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Lockdown 2.0 slows spending gains

Melbourne’s return to stage 3 lockdown and the closure of the New South Wales-Victoria border has seen spending take a hit across the state.

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ANZ-observed spending in Melbourne fell 11.6 per cent year-on-year for the week to 18 July, while in Victoria it fell 7.1 per cent year-on-year.

"Despite lockdowns in Melbourne, spending nationally was relatively stable in July, but improvements in social and movement categories stalled.”

Spending in Melbourne on dining and takeaway (-52 per cent year-on-year) and fashion (-48 per cent year-on-year) deteriorated sharply as a result, as did accommodation spending in both Melbourne (-57 per cent year-on-year) and regional Victoria (-26 per cent year-on-year).

Despite lockdowns in Melbourne, spending nationally was relatively stable in July (+10.4 per cent year-on-year for the week to 18 July) but improvements in social and movement categories stalled. Retail growth remained the highlight of ANZ-observed spending (+25 per cent year-on-year).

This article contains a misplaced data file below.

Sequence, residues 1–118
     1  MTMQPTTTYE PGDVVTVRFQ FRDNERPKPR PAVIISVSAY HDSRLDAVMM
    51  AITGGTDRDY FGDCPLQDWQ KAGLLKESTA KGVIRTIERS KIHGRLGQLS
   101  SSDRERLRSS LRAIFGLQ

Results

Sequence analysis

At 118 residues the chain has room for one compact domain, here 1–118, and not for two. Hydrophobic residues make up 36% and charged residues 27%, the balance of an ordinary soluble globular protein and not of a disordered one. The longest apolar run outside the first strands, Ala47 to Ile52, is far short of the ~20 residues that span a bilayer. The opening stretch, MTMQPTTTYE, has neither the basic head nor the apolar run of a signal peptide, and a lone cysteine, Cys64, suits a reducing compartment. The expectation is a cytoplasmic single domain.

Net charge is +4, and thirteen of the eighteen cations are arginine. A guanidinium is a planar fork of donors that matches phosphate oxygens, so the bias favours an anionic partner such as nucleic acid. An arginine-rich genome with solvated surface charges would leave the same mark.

There seems to be no slowdown in ANZ-observed household goods spending as electronics sales jumped back up past the +60 per cent year-on-year mark and other home enhancement categories such as furniture (+50 per cent year-on-year) and homewares (+30 per cent year-on-year) remained very elevated.

Nationally, dining and takeaway (-3.4 per cent year-on-year for the week to 18 July) and fashion (-1.4 per cent year-on-year) were back in negative territory as a result of Melbourne’s lockdown. Supermarket (+23 per cent year-on-year) and specialist food retailer spending (+30 per cent year-on-year) remained very strong.

Unlike during Lockdown 1.0 there is no evidence of “stockpiling” from supermarkets in Melbourne or elsewhere.

Travel spending improvements stalled as Melbourne’s situation worsened and some state borders closed. National accommodation spending growth was -37 per cent year-on-year for the week to 18 July, almost no improvement since mid-June (-38 per cent year-on-year for the week to 18 June) but better than mid-May (-69 per cent for the week to 18 May).

Decreased cash use since the start of the pandemic is likely to inflate the year-on-year growth rate of some categories of spending.

Adelaide Timbrell is Economist and David Plank is Head of Australian Economics at ANZ

The views and opinions expressed in this communication are those of the author and may not necessarily state or reflect those of ANZ.

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